“The concern about Hartwell stems from a fish kill that occurred during the late summer in 2013,” said Rankin. “The loss of fish was higher than we originally estimated as electro- shocking surveys and angler’s surveys conducted by both states have shown.”
The kill was a result of higher-than-normal water levels that were siphoned off as part of the lake’s flood control agenda. This took place during the late summer when surface water temperatures were at a critically high level and the siphoning reduced the amount of fish sustainable water in the lower lake basin.
Rankin said the target stock rate annually for Lake Hartwell is an average of 13.5 fish mix of striped bass and hybrids per acre. He said the Department has beefed up this number since the 2013 event in an effort to replenish stocks.
Both striped bass and hybrid striped bass have better than average growth rates in the Savannah system but will take years to replace the largest specimens of fish that were the most susceptible to the fish kill.
Phillip Gentry is the host of “Upstate Outdoors,” broadcast from noon to 2 p.m. Saturdays on 106.3 WORD FM. This week, Adam Ruonala from Palmetto State Armory will be on the show. Contact Gentry at email@example.com.
Despite recent criticisms over lower than normal striped bass populations in Lake Hartwell, the SCDNR in a cooperative program with Georgia has maintained striped bass and hybrid stockings for many years. Graph provided by SCDNR- Dan Rankin.
After more than two years of discussion, debate, and public consensus meetings, the South Carolina General Assembly has passed legislation that will institute a deer tag program as part of SCDNR’s hunting and fishing license structure. In addition, the bill will establish, for the first time, a limit on the number of antlered deer than can be harvested across the state.
On May 24, the General Assembly, in the waning days of the 121st session, made final amendments and passed Senate Bill 454 on May 26. The legislation has been sent to the Governor’s office.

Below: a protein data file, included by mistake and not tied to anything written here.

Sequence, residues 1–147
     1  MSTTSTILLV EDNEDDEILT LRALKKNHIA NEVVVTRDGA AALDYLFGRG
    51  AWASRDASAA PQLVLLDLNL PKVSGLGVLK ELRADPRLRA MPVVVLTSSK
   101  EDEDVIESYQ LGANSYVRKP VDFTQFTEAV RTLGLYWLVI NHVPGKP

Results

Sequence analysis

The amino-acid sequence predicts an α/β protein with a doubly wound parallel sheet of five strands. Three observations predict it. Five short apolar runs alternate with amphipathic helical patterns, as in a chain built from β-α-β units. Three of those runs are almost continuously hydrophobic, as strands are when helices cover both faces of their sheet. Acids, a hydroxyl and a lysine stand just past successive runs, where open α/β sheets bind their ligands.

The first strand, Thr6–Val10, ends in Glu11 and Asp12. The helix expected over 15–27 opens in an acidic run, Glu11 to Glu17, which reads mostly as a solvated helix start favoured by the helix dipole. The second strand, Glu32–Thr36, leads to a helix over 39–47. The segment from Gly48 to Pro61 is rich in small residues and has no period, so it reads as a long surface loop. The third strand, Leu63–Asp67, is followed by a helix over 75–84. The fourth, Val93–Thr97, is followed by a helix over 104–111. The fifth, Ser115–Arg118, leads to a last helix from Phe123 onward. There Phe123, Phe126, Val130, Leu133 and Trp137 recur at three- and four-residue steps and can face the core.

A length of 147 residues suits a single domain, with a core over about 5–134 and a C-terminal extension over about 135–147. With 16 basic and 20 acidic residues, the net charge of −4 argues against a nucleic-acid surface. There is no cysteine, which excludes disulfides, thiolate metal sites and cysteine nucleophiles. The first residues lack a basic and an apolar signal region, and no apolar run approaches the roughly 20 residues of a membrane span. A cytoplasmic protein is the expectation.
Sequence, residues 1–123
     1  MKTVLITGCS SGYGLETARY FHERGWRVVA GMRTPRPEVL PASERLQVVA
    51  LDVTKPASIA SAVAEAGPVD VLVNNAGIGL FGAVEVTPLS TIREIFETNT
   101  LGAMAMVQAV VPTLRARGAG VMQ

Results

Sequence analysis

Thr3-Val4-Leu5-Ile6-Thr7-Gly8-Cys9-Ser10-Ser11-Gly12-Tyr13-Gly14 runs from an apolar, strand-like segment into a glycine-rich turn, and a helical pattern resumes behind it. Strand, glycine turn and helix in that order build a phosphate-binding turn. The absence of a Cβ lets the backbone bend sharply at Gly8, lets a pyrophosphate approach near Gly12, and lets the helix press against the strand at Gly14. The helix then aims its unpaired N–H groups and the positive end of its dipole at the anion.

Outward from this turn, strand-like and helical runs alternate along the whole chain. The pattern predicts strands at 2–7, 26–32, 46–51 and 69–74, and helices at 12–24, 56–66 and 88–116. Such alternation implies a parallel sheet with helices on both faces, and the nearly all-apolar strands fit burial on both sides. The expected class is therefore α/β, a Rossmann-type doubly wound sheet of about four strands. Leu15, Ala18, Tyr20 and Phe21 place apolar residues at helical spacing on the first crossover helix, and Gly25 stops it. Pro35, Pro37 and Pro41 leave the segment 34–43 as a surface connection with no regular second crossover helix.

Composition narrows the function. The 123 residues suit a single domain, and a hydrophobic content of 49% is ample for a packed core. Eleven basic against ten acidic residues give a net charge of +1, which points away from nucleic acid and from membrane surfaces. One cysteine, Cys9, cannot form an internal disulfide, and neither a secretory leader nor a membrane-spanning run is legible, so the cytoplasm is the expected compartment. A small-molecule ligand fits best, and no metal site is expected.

In the new legislation, resident hunters who purchase a hunting license and Big Game Permit will receive at no additional charge three buck tags with no antler restrictions, three unrestricted doe tags and eight date specific doe or antlerless deer tags.
In addition to the three buck tags, resident deer hunters will have the option to purchase two more buck tags for $5 each which carry an antler restriction of a minimum of four points on one antler or a minimum twelve inch inside antler spread.
Effectively, the legislation places the variety of regulations currently in place across Game Zones 1 and 2 in a deer tag format for the entire state with a few modifications. All deer harvested in South Carolina will be required to be tagged. The program will start out allowing a hunter who receives the three unrestricted buck tags and then purchases two restricted buck tags to kill 5 bucks in a season. This is statewide and effectively establishes a limit on bucks in areas where before there was no limit.
Under the current program, deer hunters are allowed to kill one doe per day on specified doe days without the use of a tag. In addition, hunters can purchase up to four doe tags to use at any time after September 15.
The newly legislated program will replace doe days with date specific tags as well as allow the use of “anytime” doe tags.
The Doe Quota program that is administered by application for larger land tracts with higher populations of deer will be continued under the new legislation as the Deer Quota program, allowing the harvest of both bucks and does and is regulated by the state through issuance of an appropriate number of Deer Quota tags.